Commenting on the launch of a call for evidence today on standards in the tax advice market, CIOT President Glyn Fullelove said:
“We welcome the launch of this call for evidence.
“There is no place in the tax profession for those who devise, promote or sell tax avoidance schemes. CIOT and other professional bodies strengthened our Professional Conduct in Relation to Taxation (PCRT) rules in 2017 to make this explicit.
“It is our view that building on PCRT is the best approach to guaranteeing high standards in the tax advice market.
“Regulation must deal with the fact that some 30 per cent of registered tax agents are outside any professional body and consequently neither their clients nor HMRC have any recourse to professional body disciplinary schemes in respect of their work. Additionally many – perhaps a majority – of those who devise and promote avoidance schemes are not tax agents at all. Any reform in this area needs to recognise this and to avoid either putting competent and ethical tax advisers out of business or pushing more tax advisers to operate outside professional bodies.
“We welcome the recognition from government that customer protection is an important element of how the tax advice market is regulated, as well as protecting government revenue. This raises questions, such as, if the State itself is a key player in the tax system, as it has to be, can it also act as the direct regulator of all taxpayers’ agents without detriment to taxpayers’ rights?
“It appears that political support for greater regulation of tax services is growing. Indeed people often express surprise that comprehensive regulation does not exist already. But regulation only makes sense if it can be effective in producing improvements and if it can achieve this at proportionate cost. That is why we believe working through professional bodies to strengthen consumer and exchequer protection, rather than trying to invent a new regulator, is the best approach. We look forward to working with government to achieve this.”
Notes for editors
1. The Call for Evidence, which is open until 28 May, can be viewed here.
2. As defined by HMRC, tax avoidance is “bending the rules of the tax system to gain a tax advantage that Parliament never intended. It often involves contrived, artificial transactions that serve little or no purpose other than to produce a tax advantage. It involves operating within the letter, but not the spirit, of the law.” (Source: Measuring tax gaps 2019 edition)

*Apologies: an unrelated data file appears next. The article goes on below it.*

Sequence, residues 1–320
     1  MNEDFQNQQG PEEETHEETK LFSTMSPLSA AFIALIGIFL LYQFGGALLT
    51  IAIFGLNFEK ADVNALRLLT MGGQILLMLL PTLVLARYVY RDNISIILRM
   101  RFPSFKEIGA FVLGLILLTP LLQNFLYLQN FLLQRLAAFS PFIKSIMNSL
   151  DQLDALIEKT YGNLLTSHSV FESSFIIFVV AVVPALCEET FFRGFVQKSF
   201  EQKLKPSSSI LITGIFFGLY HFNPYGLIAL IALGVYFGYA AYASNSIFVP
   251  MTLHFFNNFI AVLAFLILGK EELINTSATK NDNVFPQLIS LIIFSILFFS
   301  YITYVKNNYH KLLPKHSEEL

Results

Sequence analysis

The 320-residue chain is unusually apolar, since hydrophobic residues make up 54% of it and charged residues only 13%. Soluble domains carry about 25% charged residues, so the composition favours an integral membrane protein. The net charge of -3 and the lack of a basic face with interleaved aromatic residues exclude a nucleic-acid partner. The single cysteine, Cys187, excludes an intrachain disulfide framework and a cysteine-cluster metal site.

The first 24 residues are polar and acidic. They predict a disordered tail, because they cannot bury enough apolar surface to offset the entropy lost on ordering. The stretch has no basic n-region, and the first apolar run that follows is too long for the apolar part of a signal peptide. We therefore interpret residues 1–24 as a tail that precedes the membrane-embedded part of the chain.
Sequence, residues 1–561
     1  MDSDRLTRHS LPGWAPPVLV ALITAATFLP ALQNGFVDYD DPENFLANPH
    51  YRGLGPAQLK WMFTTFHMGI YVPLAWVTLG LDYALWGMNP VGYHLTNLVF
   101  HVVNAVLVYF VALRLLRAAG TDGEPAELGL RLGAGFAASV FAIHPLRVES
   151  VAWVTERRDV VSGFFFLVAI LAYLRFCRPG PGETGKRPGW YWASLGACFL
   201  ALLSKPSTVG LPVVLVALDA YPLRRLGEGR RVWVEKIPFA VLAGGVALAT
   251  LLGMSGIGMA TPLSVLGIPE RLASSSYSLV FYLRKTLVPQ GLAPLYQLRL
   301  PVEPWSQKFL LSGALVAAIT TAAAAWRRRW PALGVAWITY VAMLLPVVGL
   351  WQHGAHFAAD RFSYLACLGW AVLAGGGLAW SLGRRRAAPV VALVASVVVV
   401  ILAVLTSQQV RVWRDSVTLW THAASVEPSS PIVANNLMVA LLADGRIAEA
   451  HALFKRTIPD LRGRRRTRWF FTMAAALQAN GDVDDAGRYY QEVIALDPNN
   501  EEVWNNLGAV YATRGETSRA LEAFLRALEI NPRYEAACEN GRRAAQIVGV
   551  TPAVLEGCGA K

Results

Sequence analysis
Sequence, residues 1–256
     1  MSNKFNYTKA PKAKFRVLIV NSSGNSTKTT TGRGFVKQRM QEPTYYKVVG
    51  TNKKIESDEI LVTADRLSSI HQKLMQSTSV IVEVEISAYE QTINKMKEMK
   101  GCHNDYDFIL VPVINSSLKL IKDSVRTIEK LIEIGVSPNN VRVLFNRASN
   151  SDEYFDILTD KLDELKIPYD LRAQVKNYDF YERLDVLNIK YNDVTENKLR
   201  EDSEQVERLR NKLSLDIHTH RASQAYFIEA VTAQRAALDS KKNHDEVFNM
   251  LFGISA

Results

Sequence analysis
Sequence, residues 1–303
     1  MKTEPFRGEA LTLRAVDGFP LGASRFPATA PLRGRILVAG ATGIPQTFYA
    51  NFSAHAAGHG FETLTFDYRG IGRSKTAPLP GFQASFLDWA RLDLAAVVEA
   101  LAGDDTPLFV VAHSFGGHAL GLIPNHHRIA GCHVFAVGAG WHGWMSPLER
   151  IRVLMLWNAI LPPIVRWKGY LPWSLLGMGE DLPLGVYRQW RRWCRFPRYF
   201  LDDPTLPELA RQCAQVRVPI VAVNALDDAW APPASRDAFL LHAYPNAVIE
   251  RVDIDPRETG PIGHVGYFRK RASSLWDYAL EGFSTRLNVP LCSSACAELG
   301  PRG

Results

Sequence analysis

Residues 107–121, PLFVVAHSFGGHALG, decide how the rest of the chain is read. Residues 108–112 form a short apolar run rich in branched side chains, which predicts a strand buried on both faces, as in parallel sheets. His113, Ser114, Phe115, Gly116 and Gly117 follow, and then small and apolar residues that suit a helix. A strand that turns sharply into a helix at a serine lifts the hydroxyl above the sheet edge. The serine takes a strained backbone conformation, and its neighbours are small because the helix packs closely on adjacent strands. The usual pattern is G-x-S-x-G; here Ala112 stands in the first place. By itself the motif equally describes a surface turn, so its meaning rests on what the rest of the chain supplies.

3. The Chartered Institute of Taxation (CIOT)
The CIOT is the leading professional body in the United Kingdom concerned solely with taxation. The CIOT is an educational charity, promoting education and study of the administration and practice of taxation. One of our key aims is to work for a better, more efficient, tax system for all affected by it – taxpayers, their advisers and the authorities. The CIOT’s work covers all aspects of taxation, including direct and indirect taxes and duties. Through our Low Incomes Tax Reform Group (LITRG), the CIOT has a particular focus on improving the tax system, including tax credits and benefits, for the unrepresented taxpayer.
The CIOT draws on our members’ experience in private practice, commerce and industry, government and academia to improve tax administration and propose and explain how tax policy objectives can most effectively be achieved. We also link to, and draw on, similar leading professional tax bodies in other countries. The CIOT’s comments and recommendations on tax issues are made in line with our charitable objectives: we are politically neutral in our work.
The CIOT’s 19,000 members have the practising title of ‘Chartered Tax Adviser’ and the designatory letters ‘CTA’, to represent the leading tax qualification.
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